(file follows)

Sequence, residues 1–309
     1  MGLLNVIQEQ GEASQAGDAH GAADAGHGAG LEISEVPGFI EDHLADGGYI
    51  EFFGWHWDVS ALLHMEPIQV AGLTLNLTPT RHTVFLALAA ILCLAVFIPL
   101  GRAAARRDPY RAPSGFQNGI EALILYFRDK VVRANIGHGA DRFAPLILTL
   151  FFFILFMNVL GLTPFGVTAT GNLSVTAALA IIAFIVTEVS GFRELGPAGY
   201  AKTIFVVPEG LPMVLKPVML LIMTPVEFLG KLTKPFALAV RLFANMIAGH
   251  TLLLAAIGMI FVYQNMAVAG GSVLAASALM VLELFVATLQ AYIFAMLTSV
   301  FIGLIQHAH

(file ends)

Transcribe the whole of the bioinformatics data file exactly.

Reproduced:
Sequence, residues 1–309
     1  MGLLNVIQEQ GEASQAGDAH GAADAGHGAG LEISEVPGFI EDHLADGGYI
    51  EFFGWHWDVS ALLHMEPIQV AGLTLNLTPT RHTVFLALAA ILCLAVFIPL
   101  GRAAARRDPY RAPSGFQNGI EALILYFRDK VVRANIGHGA DRFAPLILTL
   151  FFFILFMNVL GLTPFGVTAT GNLSVTAALA IIAFIVTEVS GFRELGPAGY
   201  AKTIFVVPEG LPMVLKPVML LIMTPVEFLG KLTKPFALAV RLFANMIAGH
   251  TLLLAAIGMI FVYQNMAVAG GSVLAASALM VLELFVATLQ AYIFAMLTSV
   301  FIGLIQHAH